Minaton by Byzathian NeckbeardRelease date: November 1, 2019
I didn’t think I liked sludgy stoner death-doom. Turns out I was just listening to the wrong bands. Because if this ugly block of ooze is anything to go on, it is a niche worth exploring.
There are two mysteries surrounding Byzanthian Neckbeard. The first is the name. It’s either inspired or ludicrous. Actually it’s probably a combination of both. The second is the band’s location: Guernsey, an idyllic if foggy island in the English channel just off the coast of France. It’s most famous for its low tax, pleasant seaside towns and deserted beaches ripe for retirees. It is certainly not known for harbouring hordes of howling hirsute hobgoblins who describe their music succinctly (and correctly) as “heavy as fuck”. The incongruity begs the question: just what do they do to kids in Guernsey if three of its sons have come out wanting to make this sort of racket?
And what a satisfyingly gory, fun racket it is. it follows hot on the heels of their three-song EP Extinction and picks up where that one left off – albeit with a fuller, richer production. The riffs are thunderous, the tone is thicker than a castle wall and the twin vocal assault of roars and barks (shared between guitarist Phil Skyrme and Dan Robilliard on bass) give an air of malevolence that make you wary of playing the album in an empty house.
It begins with a Vincent-Price-style spoken intro, which revels in the gory description of a were-spider. You don’t know what a were-spider is? Well, you’re in luck, because that is the name of the first song. And by the end of it, if you aren’t roaring along with the chorus of “I am the were-spiderrrrrrrrrrrrr!” there’s something dead inside you.
We learn right from the opening bars of ‘Were-spider’ that drummer Paul Etasse isn’t shy of a double-kick, nor is he content to thump out a dead-eyed doom beat for the entire record. Fills, time changes and switches to beats with full-blown head-nodding groove – and the occasional blast beat – keep the sound fresh. Well, as fresh as sludgy stoner-death-doom can be of course.
We stick with creepy-crawlies on the third track, ‘Devil Worms’. And again, the chorus – consisting of repeated shouting of “Devil woooorms!” – is one to get stuck in your head. Ha! A genuine ear-worm. Of the devilish variety.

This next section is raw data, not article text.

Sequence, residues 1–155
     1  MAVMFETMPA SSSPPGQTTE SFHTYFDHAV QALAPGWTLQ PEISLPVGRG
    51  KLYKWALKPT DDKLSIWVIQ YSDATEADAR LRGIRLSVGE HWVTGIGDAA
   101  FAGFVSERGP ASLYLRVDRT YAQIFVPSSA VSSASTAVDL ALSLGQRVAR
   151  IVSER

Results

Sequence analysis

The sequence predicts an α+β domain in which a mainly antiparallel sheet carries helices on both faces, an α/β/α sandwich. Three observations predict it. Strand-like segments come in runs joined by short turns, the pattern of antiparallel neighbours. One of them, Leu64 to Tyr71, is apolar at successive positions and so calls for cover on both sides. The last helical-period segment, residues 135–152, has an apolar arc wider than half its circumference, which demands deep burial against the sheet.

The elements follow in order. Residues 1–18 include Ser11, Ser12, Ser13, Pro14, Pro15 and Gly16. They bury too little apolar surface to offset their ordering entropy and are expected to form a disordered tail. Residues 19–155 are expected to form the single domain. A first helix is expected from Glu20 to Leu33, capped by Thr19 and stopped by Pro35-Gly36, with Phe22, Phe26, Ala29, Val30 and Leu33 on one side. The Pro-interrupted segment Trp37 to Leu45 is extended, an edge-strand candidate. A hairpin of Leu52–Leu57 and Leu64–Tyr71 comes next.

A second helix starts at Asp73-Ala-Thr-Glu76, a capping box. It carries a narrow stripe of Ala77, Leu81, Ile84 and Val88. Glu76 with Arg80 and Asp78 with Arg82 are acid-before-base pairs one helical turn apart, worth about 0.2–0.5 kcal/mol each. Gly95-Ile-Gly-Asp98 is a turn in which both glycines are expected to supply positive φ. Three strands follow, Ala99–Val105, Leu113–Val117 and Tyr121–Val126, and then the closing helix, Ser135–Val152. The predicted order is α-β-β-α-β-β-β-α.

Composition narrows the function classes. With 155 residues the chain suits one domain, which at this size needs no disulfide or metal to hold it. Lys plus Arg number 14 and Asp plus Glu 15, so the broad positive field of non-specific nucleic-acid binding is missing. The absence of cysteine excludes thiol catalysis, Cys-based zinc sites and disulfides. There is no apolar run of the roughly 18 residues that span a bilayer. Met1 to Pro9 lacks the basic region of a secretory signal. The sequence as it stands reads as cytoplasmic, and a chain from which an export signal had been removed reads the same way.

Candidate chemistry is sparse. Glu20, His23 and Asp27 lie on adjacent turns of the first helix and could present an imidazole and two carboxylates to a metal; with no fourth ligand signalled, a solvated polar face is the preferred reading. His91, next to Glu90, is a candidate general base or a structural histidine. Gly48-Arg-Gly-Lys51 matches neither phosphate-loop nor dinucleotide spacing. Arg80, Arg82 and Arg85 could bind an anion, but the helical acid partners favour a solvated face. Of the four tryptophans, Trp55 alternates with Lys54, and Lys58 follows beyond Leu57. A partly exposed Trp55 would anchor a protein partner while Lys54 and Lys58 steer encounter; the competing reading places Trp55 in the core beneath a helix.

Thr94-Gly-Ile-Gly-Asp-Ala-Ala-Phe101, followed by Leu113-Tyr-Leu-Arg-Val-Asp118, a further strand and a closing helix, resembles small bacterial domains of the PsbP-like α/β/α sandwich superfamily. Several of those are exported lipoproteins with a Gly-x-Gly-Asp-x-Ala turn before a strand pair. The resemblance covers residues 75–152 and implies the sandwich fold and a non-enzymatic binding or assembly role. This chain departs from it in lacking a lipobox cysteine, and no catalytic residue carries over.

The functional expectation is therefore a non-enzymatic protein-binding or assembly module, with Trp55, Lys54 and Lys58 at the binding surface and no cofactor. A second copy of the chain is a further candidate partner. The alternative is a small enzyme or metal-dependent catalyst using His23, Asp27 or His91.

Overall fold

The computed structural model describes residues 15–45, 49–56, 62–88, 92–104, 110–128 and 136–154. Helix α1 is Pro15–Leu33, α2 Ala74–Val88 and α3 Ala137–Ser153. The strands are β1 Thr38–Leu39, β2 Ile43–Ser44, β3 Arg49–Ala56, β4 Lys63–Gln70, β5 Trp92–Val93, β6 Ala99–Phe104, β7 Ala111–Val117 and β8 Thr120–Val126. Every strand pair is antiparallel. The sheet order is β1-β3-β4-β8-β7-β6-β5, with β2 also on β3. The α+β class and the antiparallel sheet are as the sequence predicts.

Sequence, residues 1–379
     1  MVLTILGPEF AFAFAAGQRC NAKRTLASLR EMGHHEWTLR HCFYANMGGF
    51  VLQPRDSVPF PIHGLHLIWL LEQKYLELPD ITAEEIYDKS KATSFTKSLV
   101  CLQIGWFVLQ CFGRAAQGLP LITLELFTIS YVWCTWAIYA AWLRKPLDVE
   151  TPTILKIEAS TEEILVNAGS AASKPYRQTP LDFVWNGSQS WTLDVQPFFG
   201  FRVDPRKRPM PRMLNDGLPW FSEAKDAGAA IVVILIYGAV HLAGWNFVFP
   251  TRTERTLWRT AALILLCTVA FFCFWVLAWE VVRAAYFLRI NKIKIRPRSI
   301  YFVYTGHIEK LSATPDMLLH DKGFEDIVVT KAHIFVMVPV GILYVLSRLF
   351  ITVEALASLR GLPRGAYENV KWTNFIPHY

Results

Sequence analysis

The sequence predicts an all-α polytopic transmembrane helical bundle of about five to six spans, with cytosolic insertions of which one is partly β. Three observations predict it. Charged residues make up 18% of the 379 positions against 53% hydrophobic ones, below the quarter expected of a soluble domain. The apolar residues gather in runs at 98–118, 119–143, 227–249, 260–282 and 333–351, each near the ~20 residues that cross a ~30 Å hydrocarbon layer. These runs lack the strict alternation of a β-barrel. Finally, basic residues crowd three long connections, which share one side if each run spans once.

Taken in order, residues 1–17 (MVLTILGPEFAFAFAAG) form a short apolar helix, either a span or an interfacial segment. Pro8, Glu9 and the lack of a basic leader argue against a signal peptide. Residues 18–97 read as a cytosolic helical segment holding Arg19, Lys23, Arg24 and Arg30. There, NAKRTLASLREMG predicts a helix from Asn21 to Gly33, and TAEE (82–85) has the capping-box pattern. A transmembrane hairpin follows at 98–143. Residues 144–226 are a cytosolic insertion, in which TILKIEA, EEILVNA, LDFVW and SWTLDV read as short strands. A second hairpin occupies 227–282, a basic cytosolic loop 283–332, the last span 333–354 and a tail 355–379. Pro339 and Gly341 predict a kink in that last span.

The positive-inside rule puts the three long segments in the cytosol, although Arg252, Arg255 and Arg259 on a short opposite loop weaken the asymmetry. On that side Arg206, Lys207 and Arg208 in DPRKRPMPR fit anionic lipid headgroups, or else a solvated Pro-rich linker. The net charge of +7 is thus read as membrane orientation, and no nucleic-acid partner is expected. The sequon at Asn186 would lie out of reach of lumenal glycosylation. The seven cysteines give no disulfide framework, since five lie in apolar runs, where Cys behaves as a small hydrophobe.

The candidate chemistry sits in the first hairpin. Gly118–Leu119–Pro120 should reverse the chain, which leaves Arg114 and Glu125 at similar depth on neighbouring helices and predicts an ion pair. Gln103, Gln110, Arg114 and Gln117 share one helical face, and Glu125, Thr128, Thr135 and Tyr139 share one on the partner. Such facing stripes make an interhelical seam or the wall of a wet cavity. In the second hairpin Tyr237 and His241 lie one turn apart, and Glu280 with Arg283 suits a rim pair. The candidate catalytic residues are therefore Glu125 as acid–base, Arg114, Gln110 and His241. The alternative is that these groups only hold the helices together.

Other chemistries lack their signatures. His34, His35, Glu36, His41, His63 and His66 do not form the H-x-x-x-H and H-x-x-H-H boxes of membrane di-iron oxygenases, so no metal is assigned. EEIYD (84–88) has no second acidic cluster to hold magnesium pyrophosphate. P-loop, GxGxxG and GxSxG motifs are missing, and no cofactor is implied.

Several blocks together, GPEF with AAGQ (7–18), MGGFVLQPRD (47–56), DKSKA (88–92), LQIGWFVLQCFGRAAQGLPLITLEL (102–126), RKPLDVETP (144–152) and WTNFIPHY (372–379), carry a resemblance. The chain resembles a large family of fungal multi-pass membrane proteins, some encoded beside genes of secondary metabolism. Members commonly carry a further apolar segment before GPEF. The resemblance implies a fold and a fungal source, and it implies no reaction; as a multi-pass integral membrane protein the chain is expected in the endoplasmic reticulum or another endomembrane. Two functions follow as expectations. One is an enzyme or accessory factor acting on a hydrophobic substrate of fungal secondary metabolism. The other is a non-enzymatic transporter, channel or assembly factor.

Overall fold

The title track, which brings back a spooky spoken intro, has a palm-muted riff that is so metal its name may as well be cesium (the most metallic element on the periodic table, science fans), wear a battle jacket with so festooned with band patches that it looks like a quilt and burn churches before breakfast. And just as you begin to fear you may be riffed to death, ‘Evisceration Stare’ follows and its swirling guitar work and neck-wrecking tempo switches send you spiralling willingly into whatever abyss this music may have crawled out of. And there is no let-up. ‘Necron5’ is another highlight, starting as it does in a stalking, atmospheric way, before upping the speed to stoner-rock level.
I could go on about how the riff that makes up the verse of ‘Condemned to the Swamp’ deserves to have a prominent place in the Great Damp Hall of Fine Sludge Riffs, as does the riff in the song’s chorus. And I could go on for ages about the final track, ‘Out of the Deep’ and its Neu!-for-zombies krautrock tinges. But I won’t.
Because describing riffs is a bit like telling strangers your dreams (we’ve all had those conversations when someone says “this is awesome, it goes, ‘dzun, dzun, dzun, duuuuuuuuh, dzu-dzu-dzu-dzu-dzu duuuuh, dudududududududuuuuh’” and you have no clue what they are talking about). Just be assured that this album is full of great riffs, all of which are of a Goldilocks calibre – not too simple, not too complex, brutal enough, groovy as Bootsy, heavy as fuck… just right.